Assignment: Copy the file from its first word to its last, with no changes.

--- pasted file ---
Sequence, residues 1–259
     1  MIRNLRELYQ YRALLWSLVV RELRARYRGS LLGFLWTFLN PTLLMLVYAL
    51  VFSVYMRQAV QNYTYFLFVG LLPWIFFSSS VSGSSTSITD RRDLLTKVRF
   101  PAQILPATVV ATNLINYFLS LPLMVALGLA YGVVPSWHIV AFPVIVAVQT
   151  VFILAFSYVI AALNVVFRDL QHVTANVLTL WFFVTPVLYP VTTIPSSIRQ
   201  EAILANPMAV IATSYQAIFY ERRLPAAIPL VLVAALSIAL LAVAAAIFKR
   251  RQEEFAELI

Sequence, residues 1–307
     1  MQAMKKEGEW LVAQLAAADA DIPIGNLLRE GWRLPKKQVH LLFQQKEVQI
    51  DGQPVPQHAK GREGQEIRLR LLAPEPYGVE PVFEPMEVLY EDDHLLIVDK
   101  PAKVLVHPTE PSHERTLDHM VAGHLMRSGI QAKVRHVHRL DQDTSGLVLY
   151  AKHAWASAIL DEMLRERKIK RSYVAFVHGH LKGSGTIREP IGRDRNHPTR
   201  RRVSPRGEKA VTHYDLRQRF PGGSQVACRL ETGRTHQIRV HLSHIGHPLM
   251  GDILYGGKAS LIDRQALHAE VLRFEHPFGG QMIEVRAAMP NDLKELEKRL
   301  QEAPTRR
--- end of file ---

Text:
Sequence, residues 1–259
     1  MIRNLRELYQ YRALLWSLVV RELRARYRGS LLGFLWTFLN PTLLMLVYAL
    51  VFSVYMRQAV QNYTYFLFVG LLPWIFFSSS VSGSSTSITD RRDLLTKVRF
   101  PAQILPATVV ATNLINYFLS LPLMVALGLA YGVVPSWHIV AFPVIVAVQT
   151  VFILAFSYVI AALNVVFRDL QHVTANVLTL WFFVTPVLYP VTTIPSSIRQ
   201  EAILANPMAV IATSYQAIFY ERRLPAAIPL VLVAALSIAL LAVAAAIFKR
   251  RQEEFAELI

Sequence, residues 1–307
     1  MQAMKKEGEW LVAQLAAADA DIPIGNLLRE GWRLPKKQVH LLFQQKEVQI
    51  DGQPVPQHAK GREGQEIRLR LLAPEPYGVE PVFEPMEVLY EDDHLLIVDK
   101  PAKVLVHPTE PSHERTLDHM VAGHLMRSGI QAKVRHVHRL DQDTSGLVLY
   151  AKHAWASAIL DEMLRERKIK RSYVAFVHGH LKGSGTIREP IGRDRNHPTR
   201  RRVSPRGEKA VTHYDLRQRF PGGSQVACRL ETGRTHQIRV HLSHIGHPLM
   251  GDILYGGKAS LIDRQALHAE VLRFEHPFGG QMIEVRAAMP NDLKELEKRL
   301  QEAPTRR